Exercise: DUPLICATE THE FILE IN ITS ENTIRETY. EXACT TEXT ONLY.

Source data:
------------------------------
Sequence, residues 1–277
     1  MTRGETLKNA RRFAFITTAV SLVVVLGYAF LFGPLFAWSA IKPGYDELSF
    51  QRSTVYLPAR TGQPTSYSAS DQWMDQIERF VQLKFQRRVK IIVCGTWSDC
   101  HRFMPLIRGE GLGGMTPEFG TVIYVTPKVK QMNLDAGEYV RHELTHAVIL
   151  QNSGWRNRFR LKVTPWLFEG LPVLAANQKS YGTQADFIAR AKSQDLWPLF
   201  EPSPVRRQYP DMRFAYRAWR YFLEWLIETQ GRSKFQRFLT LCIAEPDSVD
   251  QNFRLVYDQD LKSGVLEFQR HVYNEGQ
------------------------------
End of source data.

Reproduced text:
Sequence, residues 1–277
     1  MTRGETLKNA RRFAFITTAV SLVVVLGYAF LFGPLFAWSA IKPGYDELSF
    51  QRSTVYLPAR TGQPTSYSAS DQWMDQIERF VQLKFQRRVK IIVCGTWSDC
   101  HRFMPLIRGE GLGGMTPEFG TVIYVTPKVK QMNLDAGEYV RHELTHAVIL
   151  QNSGWRNRFR LKVTPWLFEG LPVLAANQKS YGTQADFIAR AKSQDLWPLF
   201  EPSPVRRQYP DMRFAYRAWR YFLEWLIETQ GRSKFQRFLT LCIAEPDSVD
   251  QNFRLVYDQD LKSGVLEFQR HVYNEGQ